'It is not, therefore, enough to set before us a case of moral wrong, without showing us that we have legal power to redress it. Beyond constitutional restraint or legislative power, there is none but the legislative will, tempered by its sense of justice, which has happily been sufficient, in most cases, to protect the citizen. Compensation has been provided for every injury which could be foreseen, whether within the constitutional injunction or not, in all laws for public works by the state or a corporation; though cases of damage have occurred which could neither be anticipated nor brought within the benefit of the provision by the most strained construction. In one instance, a profitable ferry on the Susquehanna, at its confluence with the Juniata, was destroyed by the Pennsylvania Canal and, in another, an invaluable spring of water, at the margin of the river, near Selinsgrove, was drowned. These losses, like casualties in the prosecution of every public work, are accidental, but unavoidable, and they are but samples of a multitude of others.'
Numerous subsequent cases sustain the rule thus laid down, which is, indeed, the general rule upon the subject.
The Pennsylvania constitution of 1873 contained this additional provision: 'Municipal and other corporations and individuals, invested with the privilege of taking private property for public use, shall make just compensation for property taken, injured, or destroyed, by the construction or enlargement of their works, highways, or improvements, which compensation shall be paid or secured before such taking, injury, or destruction;' and in Railroad Co. v. Marchant, 119 Pa. St. 541, 13 Atl. 690, it was ruled that this had relation to such injuries to one's property as were the natural and necessary results of the original construction or enlargement of its works by a corporation, and not of their subsequent operation. Id., 153 U.S. 380, 14 Sup.Ct. 894.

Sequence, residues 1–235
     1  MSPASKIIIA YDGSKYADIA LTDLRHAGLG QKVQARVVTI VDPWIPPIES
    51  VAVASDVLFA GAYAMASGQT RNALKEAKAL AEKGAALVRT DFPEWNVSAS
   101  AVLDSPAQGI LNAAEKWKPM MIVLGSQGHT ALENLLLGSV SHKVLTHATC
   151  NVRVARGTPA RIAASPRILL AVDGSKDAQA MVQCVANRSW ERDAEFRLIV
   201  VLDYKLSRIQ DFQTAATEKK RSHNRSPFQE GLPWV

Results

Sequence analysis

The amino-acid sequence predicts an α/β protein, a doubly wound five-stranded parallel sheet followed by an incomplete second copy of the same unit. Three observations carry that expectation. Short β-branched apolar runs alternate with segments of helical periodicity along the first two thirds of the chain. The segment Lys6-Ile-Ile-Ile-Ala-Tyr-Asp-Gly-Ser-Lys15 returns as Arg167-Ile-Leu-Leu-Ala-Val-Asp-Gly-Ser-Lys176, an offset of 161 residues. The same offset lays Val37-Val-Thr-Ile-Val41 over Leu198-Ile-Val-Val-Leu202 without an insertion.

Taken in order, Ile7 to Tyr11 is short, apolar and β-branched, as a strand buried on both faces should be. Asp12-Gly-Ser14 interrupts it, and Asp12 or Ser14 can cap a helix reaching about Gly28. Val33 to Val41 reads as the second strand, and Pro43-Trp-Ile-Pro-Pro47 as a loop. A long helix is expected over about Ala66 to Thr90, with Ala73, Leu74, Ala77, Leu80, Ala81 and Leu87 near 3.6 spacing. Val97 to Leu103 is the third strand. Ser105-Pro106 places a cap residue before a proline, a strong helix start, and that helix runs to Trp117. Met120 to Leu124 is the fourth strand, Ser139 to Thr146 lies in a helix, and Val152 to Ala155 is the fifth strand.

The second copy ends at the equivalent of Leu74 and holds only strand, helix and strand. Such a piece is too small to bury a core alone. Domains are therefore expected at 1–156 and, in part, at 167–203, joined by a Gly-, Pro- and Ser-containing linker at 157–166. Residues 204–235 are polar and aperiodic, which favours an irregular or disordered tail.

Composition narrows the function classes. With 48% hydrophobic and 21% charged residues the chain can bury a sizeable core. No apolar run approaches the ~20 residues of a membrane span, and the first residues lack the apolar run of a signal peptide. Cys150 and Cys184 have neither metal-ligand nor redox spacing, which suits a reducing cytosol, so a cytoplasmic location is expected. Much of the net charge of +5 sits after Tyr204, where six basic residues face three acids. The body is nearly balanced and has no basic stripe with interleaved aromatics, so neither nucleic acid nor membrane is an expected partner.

The fifth amendment to the constitution of the United States provides that private property shall not 'be taken for public use without just compensation.' Here, however, the damage of which Mrs. Gibson complained was not the result of the taking of any part of her property, whether upland or submerged, or a direct invasion thereof, but the incidental consequence of the lawful and proper exercise of a governmental power.